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SHEI Magazine is a University of Michigan student-run fashion, art, and pop culture publication. Everything from the photography, writing, modeling, editing, and publicity of our bi-yearly print publications and monthly digital mini is created by students who attend the University of Michigan. Founded in 1999, SHEI Magazine continues to produce issues of professional quality, as well as provide real-world experience to students interested in journalism, publishing, and the fashion industries.

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Hot Mess: Caramelized Onions

Jasmine McNenny

There are many things you can do to make food taste good.  One of the ways is to simply add something to the dish that you know tastes delicious on its own.  I call these little additions, Morgan Freemans. Yes, Morgan Freemans.  Why?  If you have to ask, you clearly have never seen Morgan Freeman in a movie.  Any movie Morgan Freeman is in is immediately one I want to see.  Perhaps it’s his fatherly presence or his deep, butter voice, but regardless, he can make even a bad movie just a little better.

Therefore, I present to you one of my favorite Morgan Freemans: caramelized onions.

Chances are you’ve had them before.  Sweet in flavor, silky in texture, and golden in color, they can be added to salads, pastas, meats, casseroles and pretty much anything else that beg for a little sweetness.  Restaurants love to throw them in dishes because just seeing those words on a menu can light up a person’s eyes faster than a new car for a sixteenth birthday.

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Making caramelized onions is very simple but it does require a little patience.  First, cut the onion any way you want as long as the pieces are roughly close in size.  Typically you’ll see caramelized onions served as long strips but it’s just as easy to cut them in to small squares.  Additionally, you’ll want to overestimate the amount of onions you’ll need.  Caramelizing makes them shrink significantly so if you start out with two cups of onion, you may end up with a little less than a cup when they’re caramelized. Whatever you do, don’t chop the onions in a food processor.  This will release too much water and the onions will steam instead of caramelize.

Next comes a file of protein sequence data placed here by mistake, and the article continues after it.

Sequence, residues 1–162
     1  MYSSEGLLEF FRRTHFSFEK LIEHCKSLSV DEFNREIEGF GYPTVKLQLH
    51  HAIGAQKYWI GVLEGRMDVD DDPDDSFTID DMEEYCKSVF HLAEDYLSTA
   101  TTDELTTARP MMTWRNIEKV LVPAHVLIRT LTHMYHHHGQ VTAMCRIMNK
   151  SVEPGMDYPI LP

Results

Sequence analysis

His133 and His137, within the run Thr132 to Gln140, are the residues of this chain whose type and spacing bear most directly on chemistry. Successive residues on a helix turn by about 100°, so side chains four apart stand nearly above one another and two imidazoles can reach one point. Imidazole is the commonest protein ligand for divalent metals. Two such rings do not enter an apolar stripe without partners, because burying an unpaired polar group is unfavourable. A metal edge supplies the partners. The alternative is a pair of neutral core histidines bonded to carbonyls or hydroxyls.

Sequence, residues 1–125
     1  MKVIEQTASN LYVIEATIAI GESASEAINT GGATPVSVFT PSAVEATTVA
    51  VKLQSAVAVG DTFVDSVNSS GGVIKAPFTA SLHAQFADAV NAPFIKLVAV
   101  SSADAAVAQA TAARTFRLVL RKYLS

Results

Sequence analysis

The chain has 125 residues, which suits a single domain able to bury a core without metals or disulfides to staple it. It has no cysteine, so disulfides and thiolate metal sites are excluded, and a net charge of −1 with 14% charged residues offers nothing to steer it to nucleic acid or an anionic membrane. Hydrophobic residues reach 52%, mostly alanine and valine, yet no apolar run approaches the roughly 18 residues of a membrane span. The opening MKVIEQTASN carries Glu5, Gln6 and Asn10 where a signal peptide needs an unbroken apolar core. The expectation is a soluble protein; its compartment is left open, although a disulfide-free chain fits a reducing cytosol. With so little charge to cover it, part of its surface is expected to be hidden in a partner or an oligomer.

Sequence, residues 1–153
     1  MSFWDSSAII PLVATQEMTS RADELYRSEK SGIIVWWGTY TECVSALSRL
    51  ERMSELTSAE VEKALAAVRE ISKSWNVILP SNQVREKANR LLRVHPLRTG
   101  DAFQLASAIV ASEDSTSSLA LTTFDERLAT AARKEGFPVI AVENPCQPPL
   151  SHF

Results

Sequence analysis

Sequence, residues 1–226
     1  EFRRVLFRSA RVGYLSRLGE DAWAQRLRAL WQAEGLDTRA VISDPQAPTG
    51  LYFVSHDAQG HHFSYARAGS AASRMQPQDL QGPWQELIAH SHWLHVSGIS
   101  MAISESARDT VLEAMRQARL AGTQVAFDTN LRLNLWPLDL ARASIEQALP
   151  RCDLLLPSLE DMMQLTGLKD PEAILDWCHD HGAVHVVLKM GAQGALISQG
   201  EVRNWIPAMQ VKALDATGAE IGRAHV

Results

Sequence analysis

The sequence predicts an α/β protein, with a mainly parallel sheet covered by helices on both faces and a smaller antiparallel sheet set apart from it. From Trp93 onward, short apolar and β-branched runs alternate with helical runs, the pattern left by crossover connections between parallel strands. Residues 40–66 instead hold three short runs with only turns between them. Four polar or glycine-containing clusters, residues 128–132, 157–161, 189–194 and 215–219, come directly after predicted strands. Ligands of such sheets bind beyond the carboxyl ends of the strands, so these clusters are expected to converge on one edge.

Once you cut up your onions, melt a tablespoon or two of butter in a large skillet on medium heat.  Always use butter and not oil if you want them to caramelize properly. Oil will fry the onions making them crisp up and turn brown too quickly.  Butter will soften them and bring out the sugars.

Add the chopped onions to the melted butter and stir them occasionally.  It’s important to understand the temperature of your own stove.  While I recommend cooking them on medium heat, you may need to adjust the temperature.  Here’s what you’re looking for: after a few minutes the onions should be turning translucent but golden colored.  If they start to char black and remain crisp then your heat is too high.  These onions are better for serving with hot dogs or grilled burgers.  If this happens, add a little extra butter and reduce the heat.  If the onions turn translucent but remain pale, you heat is too low.  If you let this go too long the onions will “sweat,” meaning they release their flavor but not their sugars.  These sweated onions are used mainly for soups.  If this happens, turn up the heat immediately, turn to evaporate any excess liquid that may have been released, then add a bit more butter and continue cooking.

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Properly caramelizing onions takes a good 8-10 minutes depending on how much you’re making.  Once they’re done caramelizing they should be golden brown, soft, and very sweet.  Depending on the onion you use, the sweetness will vary.  The large yellow onions, called “sweet onions” at the store are usually your best bet.  But red onions will also work fairly well.  White onions or any other onion that is not labeled as “sweet” may need a little extra help.  Adding a little sugar, less than a teaspoon, to the onions once they’ve started cooking in the butter can ensure that they come out sweet.

Making caramelized onions is easy but it may take a little adjusting to get them where you want them.  But once you have a nice panful you can add them to whatever you want.  They’re perfect additions to otherwise bitter ingredients such as sautéed greens (kale, collards, spinach), salty dishes such as pastas (alfredo, spaghetti, macaroni and cheese), and foods that are bland on their own (potatoes, eggs, bread).

A fast and easy dish to try is bacon and caramelized onion flat bread.  They serve this dish at Carrabba’s Italian restaurant, but it’d be easy to prepare at home with a package of frozen pizza dough and olive oil.  Bacon is another Morgan Freeman so the combination this salty pork with sweet onions is pretty much full-proof.

We’ll probably get to more Morgan Freemans later, but I wanted to start with the caramelized onions.  I have met very few people who don’t like them, and I frankly could eat them by the bowlful.  I mean, if it’s all based on taste, who doesn’t like sweetness?  Who doesn’t like Morgan Freeman?